Cooperation between Russia and the South Pacific Countries: an Asia-Pacific Multilateral Dialogue Perspective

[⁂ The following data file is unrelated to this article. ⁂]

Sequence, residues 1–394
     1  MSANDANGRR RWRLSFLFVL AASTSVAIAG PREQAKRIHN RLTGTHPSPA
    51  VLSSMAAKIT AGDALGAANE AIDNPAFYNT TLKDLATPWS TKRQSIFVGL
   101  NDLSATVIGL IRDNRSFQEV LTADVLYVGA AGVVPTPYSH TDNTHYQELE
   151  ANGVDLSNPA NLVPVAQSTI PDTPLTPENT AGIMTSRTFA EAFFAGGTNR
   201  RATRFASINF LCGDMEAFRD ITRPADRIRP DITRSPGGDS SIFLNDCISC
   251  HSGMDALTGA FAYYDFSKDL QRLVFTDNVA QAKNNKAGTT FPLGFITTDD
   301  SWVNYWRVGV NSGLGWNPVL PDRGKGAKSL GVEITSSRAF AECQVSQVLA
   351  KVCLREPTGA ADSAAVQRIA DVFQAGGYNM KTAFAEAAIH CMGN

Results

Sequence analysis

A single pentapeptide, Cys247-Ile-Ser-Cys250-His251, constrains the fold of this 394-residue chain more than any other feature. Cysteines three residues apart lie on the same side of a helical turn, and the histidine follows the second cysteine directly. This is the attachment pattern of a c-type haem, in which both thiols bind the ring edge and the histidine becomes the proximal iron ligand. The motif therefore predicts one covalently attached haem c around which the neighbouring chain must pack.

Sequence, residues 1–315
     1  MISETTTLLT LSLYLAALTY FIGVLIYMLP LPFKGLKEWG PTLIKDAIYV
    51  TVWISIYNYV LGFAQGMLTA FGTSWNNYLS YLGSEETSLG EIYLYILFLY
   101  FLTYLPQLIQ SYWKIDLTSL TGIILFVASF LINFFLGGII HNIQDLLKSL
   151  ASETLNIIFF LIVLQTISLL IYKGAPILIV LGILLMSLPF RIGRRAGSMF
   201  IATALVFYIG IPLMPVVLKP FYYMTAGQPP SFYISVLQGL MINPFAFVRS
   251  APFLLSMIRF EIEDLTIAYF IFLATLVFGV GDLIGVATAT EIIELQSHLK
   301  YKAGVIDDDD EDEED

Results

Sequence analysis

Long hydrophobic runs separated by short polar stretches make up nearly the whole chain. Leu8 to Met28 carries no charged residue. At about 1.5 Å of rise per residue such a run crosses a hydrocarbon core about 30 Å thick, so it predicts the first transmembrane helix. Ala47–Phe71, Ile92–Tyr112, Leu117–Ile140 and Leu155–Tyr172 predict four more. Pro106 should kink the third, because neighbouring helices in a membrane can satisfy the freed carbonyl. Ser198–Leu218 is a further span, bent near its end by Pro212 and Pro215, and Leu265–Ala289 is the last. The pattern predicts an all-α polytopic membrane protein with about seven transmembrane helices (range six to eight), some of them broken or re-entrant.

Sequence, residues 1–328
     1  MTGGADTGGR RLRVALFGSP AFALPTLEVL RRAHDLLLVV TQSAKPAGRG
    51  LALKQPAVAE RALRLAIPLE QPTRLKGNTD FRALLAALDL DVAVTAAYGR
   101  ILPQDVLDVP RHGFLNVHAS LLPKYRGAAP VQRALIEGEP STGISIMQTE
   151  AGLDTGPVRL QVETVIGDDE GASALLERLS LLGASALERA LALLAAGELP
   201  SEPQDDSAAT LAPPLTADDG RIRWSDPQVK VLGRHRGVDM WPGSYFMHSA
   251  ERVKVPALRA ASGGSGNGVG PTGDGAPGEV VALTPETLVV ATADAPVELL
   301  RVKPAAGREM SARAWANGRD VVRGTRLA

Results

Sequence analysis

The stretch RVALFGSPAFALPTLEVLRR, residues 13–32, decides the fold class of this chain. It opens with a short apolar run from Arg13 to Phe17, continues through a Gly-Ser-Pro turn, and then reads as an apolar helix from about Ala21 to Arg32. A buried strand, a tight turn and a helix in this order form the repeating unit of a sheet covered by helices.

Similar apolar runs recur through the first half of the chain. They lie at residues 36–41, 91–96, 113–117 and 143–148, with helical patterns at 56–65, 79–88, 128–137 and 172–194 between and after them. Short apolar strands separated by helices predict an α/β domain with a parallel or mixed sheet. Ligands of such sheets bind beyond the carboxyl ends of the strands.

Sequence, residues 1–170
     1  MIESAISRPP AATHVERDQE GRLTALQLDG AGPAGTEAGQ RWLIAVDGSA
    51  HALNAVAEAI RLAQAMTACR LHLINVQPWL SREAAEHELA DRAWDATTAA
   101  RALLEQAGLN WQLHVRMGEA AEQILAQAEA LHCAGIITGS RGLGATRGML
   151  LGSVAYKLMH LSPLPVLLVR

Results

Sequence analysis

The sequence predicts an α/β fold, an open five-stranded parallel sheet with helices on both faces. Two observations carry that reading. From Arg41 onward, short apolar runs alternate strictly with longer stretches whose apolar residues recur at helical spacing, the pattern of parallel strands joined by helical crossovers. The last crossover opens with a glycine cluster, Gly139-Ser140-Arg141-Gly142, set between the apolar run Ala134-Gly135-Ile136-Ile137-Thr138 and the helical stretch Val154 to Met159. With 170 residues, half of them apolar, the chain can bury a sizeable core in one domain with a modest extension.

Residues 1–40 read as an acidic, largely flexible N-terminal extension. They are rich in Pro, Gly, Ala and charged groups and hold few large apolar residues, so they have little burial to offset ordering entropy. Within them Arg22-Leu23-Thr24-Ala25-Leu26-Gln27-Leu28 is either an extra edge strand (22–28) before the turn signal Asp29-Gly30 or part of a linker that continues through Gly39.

The paper specifies the potential of Asia-Pacific multilateral dialogue platforms—APEC, the ARF, the ADMM+8 and the EAS—from the perspective of re-energizing cooperation between Russia and the South Pacific countries. In the first paragraph, the authors analyze the strategy and results of Russia’s policy in APEC, the principal Asia-Pacific dialogue platform aimed at stimulating economic integration; in the second, they focus on Russia’s participation in ASEAN-centric multilateral negotiation venues that hold discussions on political and security issues. In the third paragraph, the degree of utility of those multilateral venues for strengthening relations between Russia and the South Pacific region that participate in those institutions—Australia, New Zealand and Papua New Guinea—are revealed. The authors argue that the evolution of regional processes does not contribute to strengthening Russia’s partnership with those states. The intensification of US‑China competition (including the establishment of antagonistic structures and integration projects), the tightening of anti-Chinese rhetoric in the United States and its ally countries leads to an increasing polarization of AsiaPacific dialogue platforms. Moreover, the agenda of those platforms, created decades ago, do not always seem to meet the present realities. The unwillingness to adapt to the urgent problems of the region results in the consolidation of a largely formal role of those platforms and in a decrease in interest of their participants. Under these circumstances, a search for a unifying constructive agenda is difficult, while without it, finding common ground with countries that have not previously been involved in any close contacts with Russia seems almost impossible. At the same time, in the foreseeable future Russia’s relations with Australia and New Zealand will be profoundly shaped by Russia’s confrontation with the West. Russia’s dialogue with Papua New Guinea is more promising. Nevertheless, owing to the geographic remoteness and lack of interest from the business community, no breakthroughs can be expected either.